Breast implants are a way to recreate the
shape of a breast after part or all of the breast is removed (mastectomy) because of cancer.
A breast implant
is a soft silicone shell filled with saline (salt water) or silicone gel.
Silicone may create a more natural-looking breast, because its weight and
texture is more like breast tissue. But saline is used most often, because it
can be safely absorbed by the body if the implant leaks.
Breast reconstruction usually takes more
than one surgery. Sometimes an implant is placed during the same surgery as
mastectomy. The nipple and the brown area around it (areola) are created at a
later time. But often the doctor will first place a balloon (tissue expander)
beneath the chest muscle. Saline is added to the balloon every 1 to 2 weeks to
help stretch the skin and muscle. This may take several months. When the right
size is reached, the balloon is taken out and an implant is put in.
See a picture of a
breast implant and tissue expander.
Implant surgery is done by a
plastic surgeon. The breast surgeon who does your
mastectomy can refer you to a plastic surgeon with special training in breast
You will meet with the plastic surgeon before your
mastectomy to discuss the best procedure for you. The surgeon can show you
pictures of other women who had implants after mastectomy. Ask to see both the
best and worst results so you can get a better idea of what can happen. You can
also ask to talk to women who have had the surgery.
Before having this surgery or any other surgery, you may want to see another surgeon to get a second opinion.
Breast implant surgery is usually done
general anesthesia, so you sleep during the procedure.
When you wake up from surgery, you will have bandages over the surgery sites,
and you may wear a special bra that holds your bandages in place. You may have
drainage tubes to collect fluid and keep it from building up around the surgery
If the implant was placed at the same time as your
mastectomy, you may stay in the hospital for 2 or 3 days. If the implant is
placed later, you will probably be able to go home the same day.
Most women have soreness, redness, and swelling in the breast after
implant surgery. You may need pain medicine for a week or two. Your doctor will give you instructions on how to care for your incision. Your doctor may
antibiotics to help prevent infection.
You may be able to go back to work or your normal routine in 3 to 6 weeks
or sooner. Most women need to avoid strenuous activity for several weeks.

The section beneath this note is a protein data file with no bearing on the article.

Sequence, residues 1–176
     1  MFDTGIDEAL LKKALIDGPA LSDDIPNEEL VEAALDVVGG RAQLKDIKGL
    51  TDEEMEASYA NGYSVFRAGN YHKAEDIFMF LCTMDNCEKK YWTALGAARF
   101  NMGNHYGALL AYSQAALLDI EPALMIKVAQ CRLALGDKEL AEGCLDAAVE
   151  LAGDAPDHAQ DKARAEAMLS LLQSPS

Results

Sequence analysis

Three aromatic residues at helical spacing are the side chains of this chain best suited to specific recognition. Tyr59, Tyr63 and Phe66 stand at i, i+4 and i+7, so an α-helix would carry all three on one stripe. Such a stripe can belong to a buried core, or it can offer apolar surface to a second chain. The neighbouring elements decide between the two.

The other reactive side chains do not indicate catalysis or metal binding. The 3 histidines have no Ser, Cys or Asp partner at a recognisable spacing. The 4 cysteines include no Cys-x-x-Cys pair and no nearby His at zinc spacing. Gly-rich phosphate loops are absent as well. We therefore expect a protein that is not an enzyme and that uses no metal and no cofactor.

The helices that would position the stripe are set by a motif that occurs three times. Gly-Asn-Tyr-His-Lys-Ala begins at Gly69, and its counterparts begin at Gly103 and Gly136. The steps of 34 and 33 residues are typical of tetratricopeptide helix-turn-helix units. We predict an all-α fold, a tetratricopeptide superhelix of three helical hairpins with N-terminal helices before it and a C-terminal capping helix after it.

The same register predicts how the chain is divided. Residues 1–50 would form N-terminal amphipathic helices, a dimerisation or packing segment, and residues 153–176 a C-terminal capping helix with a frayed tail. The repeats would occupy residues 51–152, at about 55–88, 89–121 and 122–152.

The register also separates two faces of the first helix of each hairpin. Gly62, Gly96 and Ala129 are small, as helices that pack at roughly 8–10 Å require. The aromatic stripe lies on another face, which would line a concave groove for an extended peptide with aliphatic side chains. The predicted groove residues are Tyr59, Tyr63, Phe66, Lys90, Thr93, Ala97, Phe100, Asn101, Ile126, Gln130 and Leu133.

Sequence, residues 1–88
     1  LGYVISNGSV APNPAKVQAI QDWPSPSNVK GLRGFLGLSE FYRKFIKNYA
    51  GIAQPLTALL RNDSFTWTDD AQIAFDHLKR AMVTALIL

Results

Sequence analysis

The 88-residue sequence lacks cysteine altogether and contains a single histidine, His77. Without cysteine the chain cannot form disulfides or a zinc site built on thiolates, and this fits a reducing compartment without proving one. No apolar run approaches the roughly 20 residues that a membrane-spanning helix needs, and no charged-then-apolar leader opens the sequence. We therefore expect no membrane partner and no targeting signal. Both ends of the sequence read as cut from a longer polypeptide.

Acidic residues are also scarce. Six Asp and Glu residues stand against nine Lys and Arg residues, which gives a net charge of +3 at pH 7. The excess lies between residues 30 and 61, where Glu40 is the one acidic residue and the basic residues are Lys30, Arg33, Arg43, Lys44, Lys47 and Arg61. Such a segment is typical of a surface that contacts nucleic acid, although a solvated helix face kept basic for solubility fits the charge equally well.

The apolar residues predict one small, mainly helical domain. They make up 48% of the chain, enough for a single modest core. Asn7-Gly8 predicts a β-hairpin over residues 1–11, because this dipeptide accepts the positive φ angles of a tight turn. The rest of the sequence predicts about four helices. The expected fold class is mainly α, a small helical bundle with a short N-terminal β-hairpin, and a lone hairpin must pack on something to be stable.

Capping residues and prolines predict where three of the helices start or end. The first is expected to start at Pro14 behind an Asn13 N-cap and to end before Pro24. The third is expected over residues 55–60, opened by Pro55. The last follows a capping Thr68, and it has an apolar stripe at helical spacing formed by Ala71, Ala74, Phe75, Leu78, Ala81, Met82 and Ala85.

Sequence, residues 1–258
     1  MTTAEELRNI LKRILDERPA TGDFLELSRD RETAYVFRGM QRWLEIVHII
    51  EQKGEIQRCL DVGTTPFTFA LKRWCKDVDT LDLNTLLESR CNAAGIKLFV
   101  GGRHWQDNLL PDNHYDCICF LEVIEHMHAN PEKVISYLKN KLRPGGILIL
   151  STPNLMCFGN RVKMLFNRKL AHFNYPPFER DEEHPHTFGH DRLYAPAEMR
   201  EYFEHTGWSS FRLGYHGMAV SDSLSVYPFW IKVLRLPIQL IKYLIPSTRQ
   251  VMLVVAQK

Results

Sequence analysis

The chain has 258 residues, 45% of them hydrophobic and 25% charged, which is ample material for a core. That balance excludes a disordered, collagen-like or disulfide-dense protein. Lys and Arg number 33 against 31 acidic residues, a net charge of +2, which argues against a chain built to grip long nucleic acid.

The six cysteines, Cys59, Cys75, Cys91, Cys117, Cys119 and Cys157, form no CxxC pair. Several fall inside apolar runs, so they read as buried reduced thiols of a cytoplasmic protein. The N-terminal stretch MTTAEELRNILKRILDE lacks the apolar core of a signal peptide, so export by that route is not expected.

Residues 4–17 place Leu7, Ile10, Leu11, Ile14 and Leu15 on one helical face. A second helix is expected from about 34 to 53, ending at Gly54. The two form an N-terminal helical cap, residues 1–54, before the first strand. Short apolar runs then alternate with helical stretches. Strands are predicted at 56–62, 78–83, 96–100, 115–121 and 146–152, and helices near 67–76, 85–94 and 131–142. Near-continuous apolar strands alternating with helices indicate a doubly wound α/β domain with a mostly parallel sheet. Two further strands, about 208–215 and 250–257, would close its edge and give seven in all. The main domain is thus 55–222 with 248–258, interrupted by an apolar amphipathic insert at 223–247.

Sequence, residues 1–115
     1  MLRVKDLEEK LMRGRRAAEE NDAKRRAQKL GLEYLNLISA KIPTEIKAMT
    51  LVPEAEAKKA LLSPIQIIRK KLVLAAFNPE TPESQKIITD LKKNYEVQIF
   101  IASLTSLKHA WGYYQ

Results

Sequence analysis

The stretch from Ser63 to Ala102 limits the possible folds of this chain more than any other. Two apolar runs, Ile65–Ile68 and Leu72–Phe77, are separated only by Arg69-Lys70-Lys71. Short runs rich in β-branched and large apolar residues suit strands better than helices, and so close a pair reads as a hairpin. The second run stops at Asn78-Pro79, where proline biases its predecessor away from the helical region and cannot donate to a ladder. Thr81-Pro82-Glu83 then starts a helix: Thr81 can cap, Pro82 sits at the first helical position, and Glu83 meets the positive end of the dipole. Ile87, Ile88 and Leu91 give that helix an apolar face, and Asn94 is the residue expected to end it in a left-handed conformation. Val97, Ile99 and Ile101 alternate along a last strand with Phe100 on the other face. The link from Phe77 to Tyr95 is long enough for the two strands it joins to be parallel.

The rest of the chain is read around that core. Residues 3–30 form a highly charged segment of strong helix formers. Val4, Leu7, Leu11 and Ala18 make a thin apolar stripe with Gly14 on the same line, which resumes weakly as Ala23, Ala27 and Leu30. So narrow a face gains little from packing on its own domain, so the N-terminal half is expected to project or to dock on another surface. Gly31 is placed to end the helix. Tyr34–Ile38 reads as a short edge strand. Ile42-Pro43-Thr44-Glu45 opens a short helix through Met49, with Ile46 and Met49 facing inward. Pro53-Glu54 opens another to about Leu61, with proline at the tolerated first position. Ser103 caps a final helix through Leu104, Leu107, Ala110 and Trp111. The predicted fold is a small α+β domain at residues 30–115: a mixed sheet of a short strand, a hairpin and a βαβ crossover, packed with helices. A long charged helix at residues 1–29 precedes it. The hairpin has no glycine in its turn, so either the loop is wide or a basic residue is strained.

Breast implant surgery can be done to
restore the appearance of a breast after mastectomy. It may also be done for
women who have problems with breast development.
reconstruction may help a woman feel better about her appearance. Some women
say it helps them feel better about their bodies, more alive,
feminine, and sexual—and happier about life.
Breast implants work best for women
who have small breasts (A or B cup) or for women who have both breasts removed
Compared to tissue flap surgery for breast
reconstruction, breast implant requires a shorter surgery and has a quicker
A breast implant may not last the rest of your
life. You may need to have later surgery to replace the implant.
Many of the risks associated with breast
reconstruction are the same as those with any surgery: infection, poor wound
healing, bleeding, or a reaction to the anesthesia used in surgery.
Other risks from breast implants include:
Some women are at higher risk for problems from surgery.
This includes women who:
It is important to know that your
breasts will look different after surgery. Your new breast may feel firmer and
look rounder or flatter than your other breast. Some women have surgery on the
other breast to make them look as much alike as possible. Other women find that
wearing a bra hides the differences.
The incisions will leave
scars on your breasts. These will fade with time. The surgeon will try to make
incisions that leave as few scars as possible.
Some women choose
to get a breast implant first and have tissue flap surgery later, when they
feel stronger or have more time. For more information about this type of
2006, the U.S. Food and Drug Administration lifted restrictions on the sale of
silicone breast implants for both reconstructive and cosmetic surgery. Studies
done between 1992 and 2006 did not find evidence of a link between silicone
implants and connective tissue diseases or cancer. At this time,
silicone breast implants have no known risks of cancer or other
requires insurance companies that cover mastectomy for breast cancer to also
cover breast reconstruction. Check with your insurance company to find out what
your costs will be. If you are considering a silicone implant, you will want to
find out if your insurance will pay for the cost of follow-up MRIs.
Complete the surgery information form (PDF)(What is a PDF document?) to help you prepare for this surgery.
Cordeiro PG (2008). Breast reconstruction
after surgery for breast cancer. New England Journal of Medicine, 359(15): 1590–1601.
June 28, 2011
Sarah Marshall, MD - Family Medicine
& Douglas A. Stewart, MD - Medical Oncology
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